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08/11/21 | 6:52 pm

Compensation mechanism for climate change impacted communities is needed: MOEFCC Secretary

Held on November 6, 2021 the event was organized by The Energy and Resources Institute (TERI) and TERI School of Advanced Studies in collaboration with the German Advisory Council on Global Change (WBGU), Warsaw Institute for Economic and European Studies Foundation (WiseEuropa), and Ecologic Institute.
In his keynote address, Mr. Gupta emphasized the importance of adaptation finance and adaptation action wherein countries and communities must be helped through a definite negotiated agenda. Underscoring that even if the world reaches carbon neutrality, extreme events due to climate change will be much more severe and more frequent, he highlighted that, “climate neutrality should not only talk about taking out the carbon which has already been put in there (the atmosphere), it only talks about not putting any more carbon there. As a result, we are going to see more and more severe events in spite of having reached carbon neutrality, and extreme events will be much more severe and more frequent. So, we also have to think of a mechanism for compensating those people and the communities who are going to be impacted and who are going to suffer the losses. They will have to be an integral part of the agenda”. Emphasizing that equity and climate justice has to play an important role in any global climate action, Mr. Gupta reiterated that, “equitable carbon and development space before reaching carbon neutrality to achieve sustainable development must be based on the principles of common, but differentiated responsibilities and respective capabilities”.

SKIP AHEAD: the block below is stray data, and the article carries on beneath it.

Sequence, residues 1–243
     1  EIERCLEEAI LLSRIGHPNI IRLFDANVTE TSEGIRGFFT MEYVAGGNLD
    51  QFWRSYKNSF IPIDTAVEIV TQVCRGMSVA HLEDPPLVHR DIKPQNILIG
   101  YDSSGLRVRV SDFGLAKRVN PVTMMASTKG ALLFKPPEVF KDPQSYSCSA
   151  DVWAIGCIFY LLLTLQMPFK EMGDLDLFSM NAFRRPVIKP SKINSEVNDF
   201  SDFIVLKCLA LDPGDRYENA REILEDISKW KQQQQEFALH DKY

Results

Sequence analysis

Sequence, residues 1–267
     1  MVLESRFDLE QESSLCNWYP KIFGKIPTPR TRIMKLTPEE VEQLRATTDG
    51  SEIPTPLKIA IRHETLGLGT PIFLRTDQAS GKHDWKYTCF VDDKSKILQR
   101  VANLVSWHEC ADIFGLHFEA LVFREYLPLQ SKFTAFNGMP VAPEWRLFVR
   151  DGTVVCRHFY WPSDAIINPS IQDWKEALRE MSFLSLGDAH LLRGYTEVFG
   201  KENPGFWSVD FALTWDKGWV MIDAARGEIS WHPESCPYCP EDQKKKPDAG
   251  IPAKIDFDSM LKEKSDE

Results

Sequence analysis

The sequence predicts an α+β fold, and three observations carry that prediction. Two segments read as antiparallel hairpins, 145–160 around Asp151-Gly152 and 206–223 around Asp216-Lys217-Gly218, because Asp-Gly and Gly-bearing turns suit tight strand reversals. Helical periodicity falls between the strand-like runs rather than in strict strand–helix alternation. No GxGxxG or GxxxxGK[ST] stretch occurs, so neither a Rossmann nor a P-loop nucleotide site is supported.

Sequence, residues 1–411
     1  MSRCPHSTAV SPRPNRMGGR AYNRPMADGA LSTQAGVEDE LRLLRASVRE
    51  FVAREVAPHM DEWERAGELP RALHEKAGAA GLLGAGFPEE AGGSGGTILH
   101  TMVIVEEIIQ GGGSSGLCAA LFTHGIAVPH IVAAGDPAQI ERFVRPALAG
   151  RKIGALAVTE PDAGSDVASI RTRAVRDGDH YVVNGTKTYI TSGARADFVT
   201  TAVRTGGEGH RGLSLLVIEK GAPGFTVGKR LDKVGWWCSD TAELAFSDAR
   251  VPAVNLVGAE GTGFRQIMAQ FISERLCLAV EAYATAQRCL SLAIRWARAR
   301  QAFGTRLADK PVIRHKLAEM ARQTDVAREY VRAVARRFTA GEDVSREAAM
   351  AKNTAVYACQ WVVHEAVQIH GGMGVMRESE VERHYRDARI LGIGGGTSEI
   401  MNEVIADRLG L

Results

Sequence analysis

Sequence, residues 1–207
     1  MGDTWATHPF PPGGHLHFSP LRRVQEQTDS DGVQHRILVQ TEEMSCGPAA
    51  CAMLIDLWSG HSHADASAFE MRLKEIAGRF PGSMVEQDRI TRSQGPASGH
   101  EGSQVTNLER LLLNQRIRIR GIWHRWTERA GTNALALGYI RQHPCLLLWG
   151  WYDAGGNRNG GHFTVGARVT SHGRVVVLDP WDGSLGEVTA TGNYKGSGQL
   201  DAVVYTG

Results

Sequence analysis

Inaugurating the event and welcoming the distinguished guests, Dr. Vibha Dhawan, Director General, TERI, highlighted, “to reach climate stabilization, it is crucial that countries develop long-term visions, goals, and strategic guidelines for climate policy, embedded in the wider sustainability agenda”. She also said that “issues emanating from the COP26 discussions and the Charter would culminate in a review at a plenary session at the World Sustainable Development Summit 2022, which would assess the efforts of international climate negotiations in securing a sustainable future, and deliberate on future actions”.
The launch was followed by three presentations by Dr. Shailly Kedia, TERI on ‘COP26 Charter of Actions’, Prof. Karen Pittel, WBGU on ‘Beyond Climate Neutrality’, as well as Ms. Aleksander Sniegocki, on behalf of WiseEuropa and Ecologic Institute on ‘Lessons Learned and Outlook for National LTS Process in the EU Member States’.
“Out of the 31 LTS documents communicated to UNFCCC ahead of COP26 as per the provisions of Article 4.19, 86% have a weak focus on Adaptation. While formulating and communication of LTS is important, developing countries should in this regard play a key role in tabling proposals for a more concrete agenda on Adaptation”, underscored Dr. Kedia at the session, while giving a presentation on the COP26 Charter of Actions and presenting the key messages from the Charter.